Google Docs Gets More Realtime; Adds Google Drawings To The Mix

Slowly but surely, Google keeps trying to chip away at Microsoft’s core Office productivity suite with Google Docs, its free online word processor, spreadsheet, and presentation software. Today, Google Drawing is being added to the mix and Google Docs and Spreadsheets is getting a major realtime update. Both are being announced at Google’s Atmosphere event.

Google Drawings is not really a drawing app, it’s more of an online whiteboard. The app is designed to help people visualize ideas through flow charts, diagrams, and stencils. There is a chat window where participants can chime in. Images can be imported and moved around. But sadly there is no freehand drawing option. Google Drawings is best experienced in an HTML5 browser (Chrome, Safari, Firefox, IE9 if it supports SVG). Google Docs will also be discontinuing offline access via Google Gears on May3, and will bring it back later via HTML5.

The real news, though, is that Google Docs and Spreadsheets is getting more realtime. There has always been a noticeable delay when new edits get saved and synced up, especially when more than one person is working on the same document. Google is addressing this delay with an entirely new architecture built from the ground up.

Instead of waiting a few seconds to see the new sentences or spreadsheet figures someone else entered onto the doc you are both working on, you will now be able to see each change in realtime as each character is typed in. Google’s engineers developed a new Javascript layout engine which sits on top of the browser and allows realtime editing, faster overall responsiveness, and new features such as the ability to drag-and-drop floating images through a document while the text rewraps itself around the image on the fly. “Working on documents should be as easy as having a conversation,” says Goggle Docs product manager Anil Sabharwal. Users will need to turn on the new features in settings in order to see them.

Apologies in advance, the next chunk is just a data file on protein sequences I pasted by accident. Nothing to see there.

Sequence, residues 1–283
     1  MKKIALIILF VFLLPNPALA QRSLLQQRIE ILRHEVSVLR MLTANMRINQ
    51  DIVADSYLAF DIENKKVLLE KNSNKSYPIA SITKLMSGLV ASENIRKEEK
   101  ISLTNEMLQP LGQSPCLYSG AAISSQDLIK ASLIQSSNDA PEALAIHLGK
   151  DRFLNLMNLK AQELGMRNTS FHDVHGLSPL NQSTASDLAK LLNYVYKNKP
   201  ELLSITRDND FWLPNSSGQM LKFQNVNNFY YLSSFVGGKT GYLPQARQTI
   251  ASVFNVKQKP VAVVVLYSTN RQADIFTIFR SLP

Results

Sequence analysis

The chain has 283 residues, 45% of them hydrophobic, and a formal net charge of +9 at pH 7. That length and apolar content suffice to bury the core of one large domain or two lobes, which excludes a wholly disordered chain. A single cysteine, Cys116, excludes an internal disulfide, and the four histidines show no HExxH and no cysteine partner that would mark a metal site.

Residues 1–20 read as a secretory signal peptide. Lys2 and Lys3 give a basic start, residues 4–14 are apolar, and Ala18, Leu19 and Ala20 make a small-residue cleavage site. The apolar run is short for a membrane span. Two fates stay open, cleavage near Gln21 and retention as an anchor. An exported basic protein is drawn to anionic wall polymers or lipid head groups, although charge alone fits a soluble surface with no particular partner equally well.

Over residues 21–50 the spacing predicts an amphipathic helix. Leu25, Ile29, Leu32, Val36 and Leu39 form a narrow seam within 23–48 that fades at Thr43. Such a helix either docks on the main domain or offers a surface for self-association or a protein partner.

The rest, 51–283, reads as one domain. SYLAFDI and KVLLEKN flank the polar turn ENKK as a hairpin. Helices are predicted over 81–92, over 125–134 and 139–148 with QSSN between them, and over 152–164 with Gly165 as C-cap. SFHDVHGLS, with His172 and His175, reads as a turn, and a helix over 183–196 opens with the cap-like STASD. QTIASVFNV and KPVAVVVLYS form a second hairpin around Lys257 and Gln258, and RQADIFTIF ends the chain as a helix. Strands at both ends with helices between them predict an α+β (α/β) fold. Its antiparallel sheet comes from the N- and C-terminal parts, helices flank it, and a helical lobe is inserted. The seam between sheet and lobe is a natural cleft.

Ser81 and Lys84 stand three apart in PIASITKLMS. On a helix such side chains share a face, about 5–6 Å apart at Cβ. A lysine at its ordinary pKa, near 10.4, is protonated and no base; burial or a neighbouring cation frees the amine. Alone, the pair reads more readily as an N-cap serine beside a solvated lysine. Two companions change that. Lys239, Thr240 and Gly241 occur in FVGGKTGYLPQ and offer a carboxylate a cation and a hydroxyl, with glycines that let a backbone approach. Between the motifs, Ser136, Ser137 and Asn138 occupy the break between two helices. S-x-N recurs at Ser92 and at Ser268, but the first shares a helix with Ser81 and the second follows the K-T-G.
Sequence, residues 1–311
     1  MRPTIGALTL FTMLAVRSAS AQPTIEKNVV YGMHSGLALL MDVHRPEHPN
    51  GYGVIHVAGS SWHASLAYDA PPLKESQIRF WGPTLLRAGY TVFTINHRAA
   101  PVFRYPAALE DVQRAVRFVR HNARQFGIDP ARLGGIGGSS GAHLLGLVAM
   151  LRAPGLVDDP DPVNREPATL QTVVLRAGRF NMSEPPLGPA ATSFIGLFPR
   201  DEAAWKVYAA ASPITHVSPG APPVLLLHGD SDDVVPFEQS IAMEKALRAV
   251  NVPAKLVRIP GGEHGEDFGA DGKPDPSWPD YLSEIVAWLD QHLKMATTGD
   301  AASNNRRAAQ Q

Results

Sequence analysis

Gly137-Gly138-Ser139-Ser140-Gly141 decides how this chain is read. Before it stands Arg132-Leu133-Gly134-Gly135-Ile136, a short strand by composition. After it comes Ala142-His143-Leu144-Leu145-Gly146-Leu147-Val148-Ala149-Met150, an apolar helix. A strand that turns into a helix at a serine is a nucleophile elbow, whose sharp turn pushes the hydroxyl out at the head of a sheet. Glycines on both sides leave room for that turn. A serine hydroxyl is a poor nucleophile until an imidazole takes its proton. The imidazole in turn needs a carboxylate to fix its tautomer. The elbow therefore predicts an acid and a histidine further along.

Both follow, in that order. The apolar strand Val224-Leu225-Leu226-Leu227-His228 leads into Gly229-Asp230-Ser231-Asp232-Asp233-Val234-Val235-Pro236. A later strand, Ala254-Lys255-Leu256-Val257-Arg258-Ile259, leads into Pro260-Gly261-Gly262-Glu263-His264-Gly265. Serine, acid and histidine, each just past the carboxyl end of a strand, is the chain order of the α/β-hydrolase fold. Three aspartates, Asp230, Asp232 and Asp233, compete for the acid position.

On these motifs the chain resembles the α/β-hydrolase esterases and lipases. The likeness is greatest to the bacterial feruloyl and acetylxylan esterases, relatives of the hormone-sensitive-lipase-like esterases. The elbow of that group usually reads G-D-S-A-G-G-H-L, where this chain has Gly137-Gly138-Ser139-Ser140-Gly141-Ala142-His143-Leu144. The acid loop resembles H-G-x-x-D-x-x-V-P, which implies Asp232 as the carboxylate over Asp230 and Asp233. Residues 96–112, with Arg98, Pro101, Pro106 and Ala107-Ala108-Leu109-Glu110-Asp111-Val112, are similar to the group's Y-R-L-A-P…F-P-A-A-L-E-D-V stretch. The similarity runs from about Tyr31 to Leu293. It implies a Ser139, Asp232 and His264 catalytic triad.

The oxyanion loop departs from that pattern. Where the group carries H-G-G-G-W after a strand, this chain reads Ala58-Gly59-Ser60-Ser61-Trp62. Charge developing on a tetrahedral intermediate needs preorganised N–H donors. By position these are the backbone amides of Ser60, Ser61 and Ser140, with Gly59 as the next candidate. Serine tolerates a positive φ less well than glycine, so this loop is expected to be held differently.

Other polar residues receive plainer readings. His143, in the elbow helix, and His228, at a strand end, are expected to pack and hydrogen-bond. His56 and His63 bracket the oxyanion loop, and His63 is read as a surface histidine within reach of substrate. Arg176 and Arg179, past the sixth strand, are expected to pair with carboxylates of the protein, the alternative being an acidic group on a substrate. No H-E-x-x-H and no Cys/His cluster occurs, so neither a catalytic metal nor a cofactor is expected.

Google Docs still lags Microsoft Office in features, but tries to make up for that by being a better way to edit and share docs and spreadsheets collaboratively among co-workers or anyone else. The key is to make it feel as responsive as a desktop app, even though it is in the cloud. During a briefing, Sabharwal showed a slide comparing the two, with check marks next to all of Google Docs’ supposed advantages (realtime multi-user editing, IM, storage in the cloud, mobile web access, no patches or updates, free with Google Apps).

He also showed the slide below, which is more conceptual than anything else in that it is not based on any data. But it does illustrate how Google thinks about attacking Office from below and winning over time by becoming a better collaboration tool. What I love about the chart, though, is that it places Google Docs in 2010 at just below Office 2003 in terms of an individual authoring tool. Of course, Microsoft is also moving to the cloud with Office 2010, and I’m sure they can make marketing charts which look very different.